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Last 12 quarters WR
Old 04-07-2015, 11:45 AM   #1
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Last 12 quarters WR

I heard from a knowledgeable friend that one of the safest hybrid ways to withdraw would be to average the income produced by your portfolio over the preceding 12 quarters in order to determine what you could withdraw safely. The idea being to smooth out the ups and downs but to protect the principal as much as possible. Anybody here doing that or something similar?

Have to admit that originally thought I had enough to retire at 95K a year - 50, married, 2.1mm in broad conservative investments, no debt, kids in college, but fear prevented me, plus all the people who are saying they are using 2% withdrawal rates (??). It does seem that taking an arbitrary percentage and trying to stick with it for 40 plus years is nonsensical, hence the 2%, that you should take the benefit of the good years and react accordingly to the bad years...

I intend to work as an attorney part time, but want that ability to take sabbaticals and not worry about what case to take next.... Thanks for any wise thoughts!

Fin
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Old 04-07-2015, 11:48 AM   #2
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Your heirs will appreciate that approach as it will totally preserve the capital you have saved for your retirement for them. I think it is silly.
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Old 04-07-2015, 11:50 AM   #3
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I don't mean limit your WR to simply the generated income, there should be some principal involved as you go forward. I agree, I don't want to make my children wealthy...
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Old 04-07-2015, 11:52 AM   #4
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And yes, I did a poor job of describing it. Should have said used the preceding 12 quarters to determine current WR, with an eye toward dying with less than a mil in the bank (not like you can really plan that!)
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Old 04-07-2015, 12:01 PM   #5
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Another thread that ignores the truth - 'money is fungible'.

Whether you pull from 'generated income' or principal is irrelevant (other than possible tax implications, which may favor pulling from principal, depending on unrealized cap gains and dividend tax rates).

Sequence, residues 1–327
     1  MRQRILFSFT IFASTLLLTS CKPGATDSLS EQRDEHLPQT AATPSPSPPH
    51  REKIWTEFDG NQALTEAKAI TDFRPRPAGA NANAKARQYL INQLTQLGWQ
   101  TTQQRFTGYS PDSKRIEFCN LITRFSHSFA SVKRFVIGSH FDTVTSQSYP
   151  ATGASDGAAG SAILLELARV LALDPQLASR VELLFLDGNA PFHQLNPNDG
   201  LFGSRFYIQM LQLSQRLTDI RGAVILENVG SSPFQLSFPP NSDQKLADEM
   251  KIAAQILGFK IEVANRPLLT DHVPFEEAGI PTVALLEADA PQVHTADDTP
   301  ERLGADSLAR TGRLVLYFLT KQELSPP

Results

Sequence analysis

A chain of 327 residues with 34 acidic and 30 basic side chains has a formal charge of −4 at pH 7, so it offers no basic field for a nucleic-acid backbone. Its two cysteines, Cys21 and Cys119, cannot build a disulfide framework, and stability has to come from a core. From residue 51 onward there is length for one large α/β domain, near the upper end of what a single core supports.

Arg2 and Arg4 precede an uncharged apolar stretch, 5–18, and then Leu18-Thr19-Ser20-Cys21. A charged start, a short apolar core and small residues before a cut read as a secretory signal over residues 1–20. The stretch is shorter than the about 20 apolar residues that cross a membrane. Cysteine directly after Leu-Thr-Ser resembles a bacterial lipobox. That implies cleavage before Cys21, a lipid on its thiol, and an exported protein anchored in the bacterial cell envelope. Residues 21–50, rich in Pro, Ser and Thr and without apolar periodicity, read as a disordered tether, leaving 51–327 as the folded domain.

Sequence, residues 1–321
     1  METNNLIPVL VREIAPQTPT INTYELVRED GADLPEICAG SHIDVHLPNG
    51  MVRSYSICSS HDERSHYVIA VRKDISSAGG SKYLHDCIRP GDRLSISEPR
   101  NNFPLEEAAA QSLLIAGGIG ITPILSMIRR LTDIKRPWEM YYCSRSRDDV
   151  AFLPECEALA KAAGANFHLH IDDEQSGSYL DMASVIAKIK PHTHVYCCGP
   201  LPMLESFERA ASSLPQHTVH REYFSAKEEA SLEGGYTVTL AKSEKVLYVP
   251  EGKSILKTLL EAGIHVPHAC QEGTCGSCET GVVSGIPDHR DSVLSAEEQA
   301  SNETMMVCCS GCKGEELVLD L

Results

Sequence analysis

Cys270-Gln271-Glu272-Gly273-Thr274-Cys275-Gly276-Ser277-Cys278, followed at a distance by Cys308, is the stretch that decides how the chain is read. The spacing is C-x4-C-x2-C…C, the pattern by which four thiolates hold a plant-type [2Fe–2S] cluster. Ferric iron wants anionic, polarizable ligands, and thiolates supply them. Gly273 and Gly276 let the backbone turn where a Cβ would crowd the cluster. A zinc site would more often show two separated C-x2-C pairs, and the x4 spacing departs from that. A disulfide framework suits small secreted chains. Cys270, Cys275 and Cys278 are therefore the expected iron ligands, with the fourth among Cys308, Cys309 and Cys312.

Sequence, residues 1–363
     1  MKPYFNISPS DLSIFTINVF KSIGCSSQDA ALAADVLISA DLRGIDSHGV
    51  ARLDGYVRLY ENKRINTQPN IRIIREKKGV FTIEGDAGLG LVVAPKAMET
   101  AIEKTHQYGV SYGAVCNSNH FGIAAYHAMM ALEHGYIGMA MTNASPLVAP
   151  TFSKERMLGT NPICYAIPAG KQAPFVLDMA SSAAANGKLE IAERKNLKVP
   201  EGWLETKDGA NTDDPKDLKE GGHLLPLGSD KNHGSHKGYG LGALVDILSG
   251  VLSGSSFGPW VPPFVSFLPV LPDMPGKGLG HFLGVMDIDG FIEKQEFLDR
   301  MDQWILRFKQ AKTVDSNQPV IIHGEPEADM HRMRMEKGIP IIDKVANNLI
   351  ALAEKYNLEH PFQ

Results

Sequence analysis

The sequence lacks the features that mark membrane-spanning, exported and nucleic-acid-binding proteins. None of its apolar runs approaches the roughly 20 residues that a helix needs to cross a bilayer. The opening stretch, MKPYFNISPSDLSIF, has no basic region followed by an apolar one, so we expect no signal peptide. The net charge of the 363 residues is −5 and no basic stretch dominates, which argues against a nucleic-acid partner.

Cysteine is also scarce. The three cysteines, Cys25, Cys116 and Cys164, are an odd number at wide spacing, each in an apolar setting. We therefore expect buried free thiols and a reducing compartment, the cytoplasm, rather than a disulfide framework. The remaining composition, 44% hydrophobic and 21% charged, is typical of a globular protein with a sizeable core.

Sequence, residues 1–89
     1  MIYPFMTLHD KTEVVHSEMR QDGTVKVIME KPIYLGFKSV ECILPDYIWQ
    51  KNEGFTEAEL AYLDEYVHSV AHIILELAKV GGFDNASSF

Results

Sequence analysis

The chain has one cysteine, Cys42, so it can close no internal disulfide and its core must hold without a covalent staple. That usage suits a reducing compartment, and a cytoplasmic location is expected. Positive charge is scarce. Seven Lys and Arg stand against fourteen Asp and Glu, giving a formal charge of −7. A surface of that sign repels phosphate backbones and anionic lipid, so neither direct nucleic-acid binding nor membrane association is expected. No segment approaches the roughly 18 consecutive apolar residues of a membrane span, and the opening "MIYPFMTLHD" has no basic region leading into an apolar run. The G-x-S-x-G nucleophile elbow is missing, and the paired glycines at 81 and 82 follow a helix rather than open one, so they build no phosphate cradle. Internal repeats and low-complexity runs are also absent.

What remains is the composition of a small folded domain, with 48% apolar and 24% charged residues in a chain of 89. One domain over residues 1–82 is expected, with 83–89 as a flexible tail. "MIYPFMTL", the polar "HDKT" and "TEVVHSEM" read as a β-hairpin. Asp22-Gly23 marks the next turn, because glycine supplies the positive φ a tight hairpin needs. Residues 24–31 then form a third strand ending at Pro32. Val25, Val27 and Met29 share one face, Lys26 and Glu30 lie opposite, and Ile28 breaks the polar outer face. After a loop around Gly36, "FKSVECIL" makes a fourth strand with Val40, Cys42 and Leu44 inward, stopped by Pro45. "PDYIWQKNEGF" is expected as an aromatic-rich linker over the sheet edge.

Total return - that is what matters. There is no 'magic' to 'generated income' - it might keep up with inflation, it might not. The underlying principal might keep up with inflation, it might not.

At the end of a time period, if you withdrew X%, and your portfolio has kept up with inflation, does it matter if the money came from income or principal? How could you tell, if you only saw the end result?

-ERD50
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Old 04-07-2015, 12:03 PM   #6
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To avoid a large ending portfolio, consider an annuity at some point (lots of caveats to that, but it can do the job).

Also consider some RMD-based withdraw strategy.

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Old 04-07-2015, 12:14 PM   #7
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It does seem that taking an arbitrary percentage and trying to stick with it for 40 plus years is nonsensical,
Although I have an upper limit on the percentage which I will withdraw, in reality my withdrawal rate is bracketed between that and a lower percentage that I have in the back of my mind.

Irregular major expenses (such as replacing a roof, or major dental work) just aren't incurred every year. So, I don't spend up to my upper limit every year. It's good to know I have some wiggle room.

During market crashes I won't even want to withdraw as much because I will be worried (that's how my mind works). So, my withdrawal will be less.

You may ask why I have a lower percentage as my lower bracket. That is because I need to remind myself that spending is OK, and that I don't have to live like a pauper. I'm a little weird about that sometimes and I think that for me (only) it is psychologically preferable to have a lower limit as well as an upper limit.

Also, I consider dividends and so far have not spent more than my dividends. That's just an additional constraint.

I would be a little worried about averaging the past 12 quarters yield, because right now the market is booming and has been for 7 years. So, that average could be unrealistically high IMO. What would you do if the yield went negative for 12 quarters, during a really really bad crash? Not spend anything? It's confusing to me.
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Old 04-07-2015, 01:17 PM   #8